The Taming of the Shrew | Literature Criticism Critical Essay by Ann Blake

This literature criticism consists of approximately 23 pages of analysis & critique of The Taming of the Shrew.
This section contains 6,677 words
(approx. 23 pages at 300 words per page)
Buy the Critical Essay by Ann Blake

Critical Essay by Ann Blake

SOURCE: Blake, Ann. “The Taming of the Shrew: Making Fun of Katherine.” Cambridge Quarterly 31, no. 3 (2002): 237-52.

In the following essay, Blake argues that the critical reputation of The Taming of the Shrew has suffered because its comedic elements have often been considered farcical.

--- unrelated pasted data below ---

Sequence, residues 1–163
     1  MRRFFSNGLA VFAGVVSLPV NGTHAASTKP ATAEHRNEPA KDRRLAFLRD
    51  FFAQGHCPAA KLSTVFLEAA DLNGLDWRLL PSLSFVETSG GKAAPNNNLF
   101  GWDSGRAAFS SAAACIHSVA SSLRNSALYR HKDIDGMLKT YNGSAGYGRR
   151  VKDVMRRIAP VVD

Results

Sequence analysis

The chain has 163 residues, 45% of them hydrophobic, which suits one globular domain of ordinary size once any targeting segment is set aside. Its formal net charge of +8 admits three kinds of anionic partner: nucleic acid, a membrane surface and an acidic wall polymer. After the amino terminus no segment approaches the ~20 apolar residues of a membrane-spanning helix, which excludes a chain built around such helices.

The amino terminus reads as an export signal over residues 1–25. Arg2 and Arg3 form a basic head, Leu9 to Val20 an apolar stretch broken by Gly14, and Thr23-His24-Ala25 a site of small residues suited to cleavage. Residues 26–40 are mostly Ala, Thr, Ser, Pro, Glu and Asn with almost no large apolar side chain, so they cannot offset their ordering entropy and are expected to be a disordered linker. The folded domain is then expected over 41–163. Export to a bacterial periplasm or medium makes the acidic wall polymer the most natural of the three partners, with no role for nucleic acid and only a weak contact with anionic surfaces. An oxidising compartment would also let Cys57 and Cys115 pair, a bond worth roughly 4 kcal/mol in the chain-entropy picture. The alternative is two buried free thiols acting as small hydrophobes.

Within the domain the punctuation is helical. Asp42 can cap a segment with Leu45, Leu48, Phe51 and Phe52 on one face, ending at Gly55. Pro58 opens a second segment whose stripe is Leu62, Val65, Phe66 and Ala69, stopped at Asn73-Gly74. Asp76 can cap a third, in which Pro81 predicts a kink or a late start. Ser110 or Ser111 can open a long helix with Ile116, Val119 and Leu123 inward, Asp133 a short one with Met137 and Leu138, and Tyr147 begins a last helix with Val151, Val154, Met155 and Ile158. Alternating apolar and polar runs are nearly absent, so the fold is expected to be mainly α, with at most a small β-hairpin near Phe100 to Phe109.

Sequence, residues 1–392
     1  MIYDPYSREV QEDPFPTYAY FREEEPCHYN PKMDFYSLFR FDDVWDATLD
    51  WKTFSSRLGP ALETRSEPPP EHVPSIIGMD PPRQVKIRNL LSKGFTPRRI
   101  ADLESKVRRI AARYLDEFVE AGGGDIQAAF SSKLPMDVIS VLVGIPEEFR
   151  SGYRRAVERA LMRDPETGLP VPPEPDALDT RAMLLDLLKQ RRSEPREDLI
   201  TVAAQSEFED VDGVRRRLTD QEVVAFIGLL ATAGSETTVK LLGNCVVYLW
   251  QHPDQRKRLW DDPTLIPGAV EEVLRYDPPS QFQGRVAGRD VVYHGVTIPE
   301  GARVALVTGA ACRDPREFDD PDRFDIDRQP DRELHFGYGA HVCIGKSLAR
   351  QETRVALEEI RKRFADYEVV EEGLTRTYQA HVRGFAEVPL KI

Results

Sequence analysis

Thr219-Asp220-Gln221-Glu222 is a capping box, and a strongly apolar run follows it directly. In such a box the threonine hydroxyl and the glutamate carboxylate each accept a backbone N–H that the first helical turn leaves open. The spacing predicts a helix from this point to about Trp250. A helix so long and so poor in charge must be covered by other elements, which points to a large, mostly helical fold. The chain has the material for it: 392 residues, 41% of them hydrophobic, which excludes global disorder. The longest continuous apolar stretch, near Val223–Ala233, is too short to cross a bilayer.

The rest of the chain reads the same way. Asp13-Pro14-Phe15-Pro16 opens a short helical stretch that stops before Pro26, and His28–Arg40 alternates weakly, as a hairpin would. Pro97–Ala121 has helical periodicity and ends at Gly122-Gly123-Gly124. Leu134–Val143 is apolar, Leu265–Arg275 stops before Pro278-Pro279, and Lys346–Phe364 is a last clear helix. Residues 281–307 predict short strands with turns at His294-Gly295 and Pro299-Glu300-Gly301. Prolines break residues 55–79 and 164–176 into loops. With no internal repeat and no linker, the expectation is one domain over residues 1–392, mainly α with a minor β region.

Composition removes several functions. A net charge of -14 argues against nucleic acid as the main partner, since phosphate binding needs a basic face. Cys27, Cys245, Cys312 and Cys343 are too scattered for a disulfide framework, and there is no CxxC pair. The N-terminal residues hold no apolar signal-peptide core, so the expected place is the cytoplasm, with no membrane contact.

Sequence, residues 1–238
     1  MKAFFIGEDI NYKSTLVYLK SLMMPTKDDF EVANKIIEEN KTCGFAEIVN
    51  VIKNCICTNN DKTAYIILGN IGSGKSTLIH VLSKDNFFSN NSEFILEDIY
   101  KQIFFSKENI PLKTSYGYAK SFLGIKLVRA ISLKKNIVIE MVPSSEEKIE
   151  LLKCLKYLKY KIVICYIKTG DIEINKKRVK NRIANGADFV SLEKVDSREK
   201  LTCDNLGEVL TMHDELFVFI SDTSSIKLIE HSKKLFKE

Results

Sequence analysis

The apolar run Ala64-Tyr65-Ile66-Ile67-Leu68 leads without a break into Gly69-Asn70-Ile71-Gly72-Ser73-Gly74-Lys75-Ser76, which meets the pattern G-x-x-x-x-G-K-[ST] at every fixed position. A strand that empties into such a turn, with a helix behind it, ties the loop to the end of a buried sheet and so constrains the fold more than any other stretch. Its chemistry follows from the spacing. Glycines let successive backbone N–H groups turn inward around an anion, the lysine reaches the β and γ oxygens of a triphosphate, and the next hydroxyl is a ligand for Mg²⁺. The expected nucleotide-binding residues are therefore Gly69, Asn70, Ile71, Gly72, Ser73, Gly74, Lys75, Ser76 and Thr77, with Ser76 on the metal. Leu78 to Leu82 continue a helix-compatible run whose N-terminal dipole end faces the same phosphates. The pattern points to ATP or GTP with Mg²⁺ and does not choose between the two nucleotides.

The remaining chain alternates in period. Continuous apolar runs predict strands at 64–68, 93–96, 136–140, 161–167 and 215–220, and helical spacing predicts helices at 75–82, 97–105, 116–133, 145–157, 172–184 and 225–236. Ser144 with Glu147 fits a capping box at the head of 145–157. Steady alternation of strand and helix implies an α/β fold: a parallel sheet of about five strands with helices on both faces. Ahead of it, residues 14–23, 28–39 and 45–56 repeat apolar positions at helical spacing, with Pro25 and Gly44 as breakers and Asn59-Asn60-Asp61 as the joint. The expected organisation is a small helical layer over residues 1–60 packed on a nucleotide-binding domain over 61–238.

In The Sense of Humor Stephen Potter remembers in his youth discovering his ‘first free contemporary’ laugh in Shakespeare. This was when the ‘Hotspur humour’ plays on ‘the humourless Glendower’:

GLEN.
I can call spirits from the vasty deep. 
HOTS.
Why, so can I, or so can any man, 
But will they come when you do call for them? 

(1 Henry IV III. i. 52-4)1

Potter's reaction to Hotspur's quip, or to others like it, is no doubt a common experience of early theatre-going...

(read more)

This section contains 6,677 words
(approx. 23 pages at 300 words per page)
Buy the Critical Essay by Ann Blake